Oil prices plummeted on Thursday, joining global sell-offs in equities, as the escalating U.S.-China trade war came into the spotlight again, dampening the outlook for economic and oil demand growth a day after the EIA reported further increases in US stockpiles of crude.
WTI Crude plunged below the $60 a barrel handle for the first time since the end of March, and Brent Crude prices dipped below $70 per barrel for the first time since early April.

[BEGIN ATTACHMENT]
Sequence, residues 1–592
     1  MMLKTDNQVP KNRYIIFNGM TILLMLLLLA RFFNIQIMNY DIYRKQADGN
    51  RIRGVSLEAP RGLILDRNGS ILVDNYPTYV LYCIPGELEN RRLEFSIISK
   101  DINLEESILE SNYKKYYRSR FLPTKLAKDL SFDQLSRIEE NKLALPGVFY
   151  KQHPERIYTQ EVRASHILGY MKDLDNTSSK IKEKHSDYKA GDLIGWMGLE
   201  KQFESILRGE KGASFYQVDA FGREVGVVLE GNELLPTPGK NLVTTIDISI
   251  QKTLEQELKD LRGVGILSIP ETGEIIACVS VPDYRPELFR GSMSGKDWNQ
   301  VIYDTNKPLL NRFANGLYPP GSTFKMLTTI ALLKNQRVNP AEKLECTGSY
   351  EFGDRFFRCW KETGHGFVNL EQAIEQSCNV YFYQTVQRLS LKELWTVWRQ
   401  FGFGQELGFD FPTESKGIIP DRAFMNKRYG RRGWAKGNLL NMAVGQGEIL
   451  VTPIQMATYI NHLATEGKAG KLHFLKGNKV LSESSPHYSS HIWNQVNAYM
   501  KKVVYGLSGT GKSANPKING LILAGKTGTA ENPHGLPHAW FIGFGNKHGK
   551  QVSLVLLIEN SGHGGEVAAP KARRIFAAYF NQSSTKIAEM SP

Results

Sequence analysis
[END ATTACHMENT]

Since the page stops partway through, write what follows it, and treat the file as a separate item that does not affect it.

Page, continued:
As of 11:25 a.m. EDT on Thursday, WTI Crude was plunging more than 5 percent—by 5.26% at $58.19, while Brent Crude was tumbling 4.45% at $67.83.
Both WTI and Brent are today on track for their worst daily and weekly drops in six months.
The oil and stock markets were hard hit on Thursday by the increased tension in the U.S.-China trade war, which has investors increasingly worried about the state of the global economy and, by extension, the outlook for global oil demand growth for the rest of the year.